29 April 2021 | Comment | Article by Lynda Reynolds

Family remains devastated by the death of parents in such tragic circumstances

The Inquest touching the death of Ann Mowbray, age 80, has concluded that she was unlawfully killed by her husband Ronald Mowbray at home on 17 February 2020.

Ronald was remanded in HMP Hewell, Redditch after Ann was found dead at home and he admitted he had stabbed her. Ronald died on 1 April 2020. The inquest touching his death on 8 March 2021 concluded that ‘he died from a lack of adequate nutrition and hydration, due in part to his wilful refusal to accept adequate food and drink provided to him, but also his difficulty in swallowing food’.

The couple’s son Duncan remains devastated at the death of both his parents within weeks of each other and in such tragic circumstances. Ronald and Ann had been married for 43 years and Duncan and Kim regularly assisted them with medical care and shopping and had no idea that Ronald was considering killing his wife.

Ronald and Ann were both Jehovah’s Witnesses and following Ann’s death Ronald telephoned the Elder at Kingdom Hall to say he had killed his wife. It was the Elder, that then telephoned the police.

The investigations into Ann’s death confirmed that Ronald had in fact spoken to the Elder about his plans some two weeks before the murder of Ann. The family raised concerns with the Coroner that this information should have been reported as a safeguarding incident and had that occurred, Ann’s death would have been prevented. The Coroner heard evidence from Stephen Kelly, the Elder on this point and considered the findings of the Warwickshire Domestic Homicide Review and heard evidence from the author. The Coroner will be making a prevention of Future Deaths Report to the Jehovah’s Witnesses.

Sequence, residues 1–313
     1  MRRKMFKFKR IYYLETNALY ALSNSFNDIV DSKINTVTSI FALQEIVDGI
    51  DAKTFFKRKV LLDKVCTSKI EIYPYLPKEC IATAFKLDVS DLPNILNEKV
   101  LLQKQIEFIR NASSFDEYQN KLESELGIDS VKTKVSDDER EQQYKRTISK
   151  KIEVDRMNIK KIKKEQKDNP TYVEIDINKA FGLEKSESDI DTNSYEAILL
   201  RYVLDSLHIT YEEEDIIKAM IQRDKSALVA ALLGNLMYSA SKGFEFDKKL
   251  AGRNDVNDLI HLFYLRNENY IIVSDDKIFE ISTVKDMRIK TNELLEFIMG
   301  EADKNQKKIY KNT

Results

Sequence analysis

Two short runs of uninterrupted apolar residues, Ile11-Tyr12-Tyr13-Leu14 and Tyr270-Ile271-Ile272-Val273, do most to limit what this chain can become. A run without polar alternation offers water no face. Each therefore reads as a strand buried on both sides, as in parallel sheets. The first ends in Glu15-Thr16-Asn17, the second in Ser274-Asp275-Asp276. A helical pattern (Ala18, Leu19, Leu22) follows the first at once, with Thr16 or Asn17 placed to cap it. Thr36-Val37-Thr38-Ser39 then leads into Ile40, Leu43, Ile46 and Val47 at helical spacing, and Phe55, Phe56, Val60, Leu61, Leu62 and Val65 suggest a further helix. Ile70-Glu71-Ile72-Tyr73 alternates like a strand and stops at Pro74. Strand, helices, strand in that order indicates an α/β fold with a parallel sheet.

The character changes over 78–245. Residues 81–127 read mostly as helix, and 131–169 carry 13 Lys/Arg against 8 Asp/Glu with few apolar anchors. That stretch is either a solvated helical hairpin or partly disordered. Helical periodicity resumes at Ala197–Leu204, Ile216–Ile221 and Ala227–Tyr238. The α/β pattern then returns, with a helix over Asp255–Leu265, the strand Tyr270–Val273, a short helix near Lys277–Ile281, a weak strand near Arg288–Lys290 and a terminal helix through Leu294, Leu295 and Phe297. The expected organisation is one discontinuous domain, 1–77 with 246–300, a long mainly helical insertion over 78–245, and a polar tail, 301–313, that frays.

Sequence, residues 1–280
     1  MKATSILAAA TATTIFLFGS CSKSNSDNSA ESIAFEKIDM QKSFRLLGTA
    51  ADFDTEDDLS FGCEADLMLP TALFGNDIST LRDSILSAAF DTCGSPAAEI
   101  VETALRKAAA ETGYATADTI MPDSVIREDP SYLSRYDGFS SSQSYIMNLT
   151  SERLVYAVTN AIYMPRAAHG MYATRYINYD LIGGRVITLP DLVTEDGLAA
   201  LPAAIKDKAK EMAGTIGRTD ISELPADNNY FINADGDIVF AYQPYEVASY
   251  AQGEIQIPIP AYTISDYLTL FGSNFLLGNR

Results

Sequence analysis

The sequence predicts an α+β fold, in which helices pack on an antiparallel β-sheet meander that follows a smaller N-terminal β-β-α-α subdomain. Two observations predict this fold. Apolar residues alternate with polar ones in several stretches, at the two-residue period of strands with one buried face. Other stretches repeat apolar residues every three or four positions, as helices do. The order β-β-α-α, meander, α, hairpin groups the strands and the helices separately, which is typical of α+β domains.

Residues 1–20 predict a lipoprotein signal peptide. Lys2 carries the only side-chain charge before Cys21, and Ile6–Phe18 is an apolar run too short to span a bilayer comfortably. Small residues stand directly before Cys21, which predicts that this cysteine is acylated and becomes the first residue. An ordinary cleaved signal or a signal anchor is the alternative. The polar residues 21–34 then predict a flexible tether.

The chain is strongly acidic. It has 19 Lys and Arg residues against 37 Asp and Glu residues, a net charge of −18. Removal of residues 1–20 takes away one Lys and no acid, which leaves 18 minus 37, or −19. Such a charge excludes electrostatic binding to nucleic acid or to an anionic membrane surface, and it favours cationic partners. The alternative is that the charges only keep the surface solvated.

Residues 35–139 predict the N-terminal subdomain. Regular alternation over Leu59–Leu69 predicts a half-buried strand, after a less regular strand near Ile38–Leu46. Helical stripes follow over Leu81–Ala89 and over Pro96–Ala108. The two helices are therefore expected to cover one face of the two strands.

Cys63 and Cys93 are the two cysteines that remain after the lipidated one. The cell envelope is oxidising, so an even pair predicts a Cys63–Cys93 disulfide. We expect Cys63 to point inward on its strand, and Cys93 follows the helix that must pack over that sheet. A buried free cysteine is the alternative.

Mr Mowbray said: “I am relieved that both the inquests are now complete, I remain devastated by the loss of both my parents in such awful circumstances. Particularly as I feel that there were missed opportunities to prevent this happening. We are grateful for the assistance of The National Homicide Service, Victim Support, who have assisted us throughout the last year.”

The family now wish to draw this matter to a close.

The National Homicide Service, Victim Support, is an independent national charity which supports families bereaved by murder and manslaughter. It assisted the family by sourcing legal representation and stated: “We are grateful for the specialist support provided to the family by Hugh James in this very sad case”.

Head of our Inquest team, Lynda Reynolds, said “We were happy to help the family through the Inquest process.  This was a very distressing situation and we were able to instruct Chris Canning of 7BR to ensure that the family’s concerns regarding the conduct of the Jehovah’s Witness Elder were fully investigated and hope that lessons can be learned and future deaths avoided.”

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Disclaimer: The information on the Hugh James website is for general information only and reflects the position at the date of publication. It does not constitute legal advice and should not be treated as such. If you would like to ensure the commentary reflects current legislation, case law or best practice, please contact the blog author.

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